Bernanke Says Regulatory Overhaul Needed
March 10, 2009 - 10:04 AM"We must have a strategy that regulates the financial system as a whole, in a holistic way, not just its individual components," Federal Reserve Chairman Ben Bernanke said in a speech on Tuesday.
"We must have a strategy that regulates the financial system as a whole, in a holistic way, not just its individual components," Bernanke said in a speech to the Council on Foreign Relations.
The Fed chief's remarks come as the Obama administration and Congress are starting to crafting their overhaul strategies. For the administration, critical work on that front will be carried out among global finance officials this weekend in London. That will help set the stage for a meeting of leaders from the world's 20 major economic powers in April.
Revamping the U.S. financial rule book -- a patchwork that dates to the Civil War -- is a complex task. Congress, the administration and the Fed are involved because they want to strengthen the system to prevent a repeat of the financial crisis -- the worst since the 1930s-- that has plunged the U.S. and many other countries' economies into recession.
Bernanke laid out four key elements that should guide the regulatory overhaul. One is for Congress to enact legislation so the failure of a huge financial institution can be handled in an orderly way -- similar to how bank failures are handled by the Federal Deposit Insurance Corp. -- to minimize fallout to the financial system and to the national economy.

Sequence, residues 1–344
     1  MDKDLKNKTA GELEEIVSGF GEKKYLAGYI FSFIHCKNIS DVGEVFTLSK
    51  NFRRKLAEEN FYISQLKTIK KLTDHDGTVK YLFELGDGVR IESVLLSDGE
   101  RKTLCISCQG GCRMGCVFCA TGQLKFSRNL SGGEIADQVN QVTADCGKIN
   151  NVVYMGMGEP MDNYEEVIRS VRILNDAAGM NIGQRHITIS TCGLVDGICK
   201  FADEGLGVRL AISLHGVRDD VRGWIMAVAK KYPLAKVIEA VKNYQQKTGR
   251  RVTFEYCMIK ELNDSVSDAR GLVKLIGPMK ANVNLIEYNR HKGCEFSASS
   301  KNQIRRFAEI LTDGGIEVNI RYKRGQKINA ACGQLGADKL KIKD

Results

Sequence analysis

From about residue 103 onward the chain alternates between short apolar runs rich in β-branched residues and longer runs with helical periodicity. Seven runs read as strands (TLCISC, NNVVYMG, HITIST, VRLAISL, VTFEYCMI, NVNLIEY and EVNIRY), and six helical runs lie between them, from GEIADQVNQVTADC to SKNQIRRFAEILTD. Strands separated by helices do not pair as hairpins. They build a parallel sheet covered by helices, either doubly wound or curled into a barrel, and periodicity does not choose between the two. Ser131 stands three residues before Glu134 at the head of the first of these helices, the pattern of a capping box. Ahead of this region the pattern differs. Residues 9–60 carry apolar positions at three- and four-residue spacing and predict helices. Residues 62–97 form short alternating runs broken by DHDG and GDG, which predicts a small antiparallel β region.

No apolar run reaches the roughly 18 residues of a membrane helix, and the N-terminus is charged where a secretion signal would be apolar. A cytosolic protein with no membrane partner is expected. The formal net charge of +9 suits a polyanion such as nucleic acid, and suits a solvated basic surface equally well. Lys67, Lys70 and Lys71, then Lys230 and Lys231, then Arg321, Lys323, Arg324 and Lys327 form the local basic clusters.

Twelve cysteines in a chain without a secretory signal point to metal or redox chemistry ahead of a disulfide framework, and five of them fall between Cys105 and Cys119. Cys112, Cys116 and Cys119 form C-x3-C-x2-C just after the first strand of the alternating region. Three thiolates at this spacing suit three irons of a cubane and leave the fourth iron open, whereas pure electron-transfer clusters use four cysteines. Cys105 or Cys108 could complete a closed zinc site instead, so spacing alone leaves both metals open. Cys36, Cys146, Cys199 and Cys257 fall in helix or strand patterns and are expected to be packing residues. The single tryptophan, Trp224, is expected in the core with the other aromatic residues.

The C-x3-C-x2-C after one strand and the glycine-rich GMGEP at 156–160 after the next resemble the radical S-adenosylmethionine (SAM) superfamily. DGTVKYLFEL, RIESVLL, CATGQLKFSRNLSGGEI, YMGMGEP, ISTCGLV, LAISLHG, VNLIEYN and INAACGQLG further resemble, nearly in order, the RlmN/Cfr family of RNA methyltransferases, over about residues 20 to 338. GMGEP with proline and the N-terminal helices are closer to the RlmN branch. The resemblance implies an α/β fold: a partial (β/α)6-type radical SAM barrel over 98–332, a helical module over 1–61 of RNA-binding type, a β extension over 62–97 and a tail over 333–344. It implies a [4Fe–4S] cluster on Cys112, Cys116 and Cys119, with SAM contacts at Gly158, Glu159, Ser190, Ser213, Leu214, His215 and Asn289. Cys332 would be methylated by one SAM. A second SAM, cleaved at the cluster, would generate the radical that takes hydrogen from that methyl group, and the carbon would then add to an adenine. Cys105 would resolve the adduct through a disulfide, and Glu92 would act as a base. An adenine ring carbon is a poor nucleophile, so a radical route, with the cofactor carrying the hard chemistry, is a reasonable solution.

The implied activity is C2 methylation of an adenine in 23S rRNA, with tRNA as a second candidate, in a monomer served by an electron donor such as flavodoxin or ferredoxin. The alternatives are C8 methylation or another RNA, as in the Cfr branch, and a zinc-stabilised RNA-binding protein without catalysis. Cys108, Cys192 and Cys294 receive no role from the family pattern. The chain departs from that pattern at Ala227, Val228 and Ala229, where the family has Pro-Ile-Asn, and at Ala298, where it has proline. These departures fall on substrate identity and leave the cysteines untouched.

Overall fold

Moreover, such "too big to fail" companies must be subject to more rigorous supervision to prevent them from taking excessive risk, Bernanke said. The Fed is trying to identify "best practices" that can help companies detect trouble spots and best manage their risks.
The government over the past year has been forced to rescue major financial companies so interwoven with other players and the global financial system that their collapse would put the entire economy in danger. The bailouts of insurance giant American International Group Inc., Citigroup Inc., Bank of America Corp., and mortgage finance companies Fannie Mae and Freddie Mac have put billions of taxpayers' dollars at risk and angered the American public.
"Government rescues of too-big-to fail firms can be costly to taxpayers, as we have seen recently," Bernanke said. "Indeed in the present crisis, the too-big-to-fail issue has emerged as an enormous problem."
Bernanke also said the nation's financial plumbing -- the infrastructure and policies that govern financial transactions-- must be strengthened to ensure that it will perform under stress.
A third component calls for reviewing regulatory policies and accounting rules to make sure they don't "overly magnify the ups and downs in the financial system and the economy," he said. Finally, the government should consider creating an authority specifically responsible for monitoring financial risks and protecting the country from crises like the current one.
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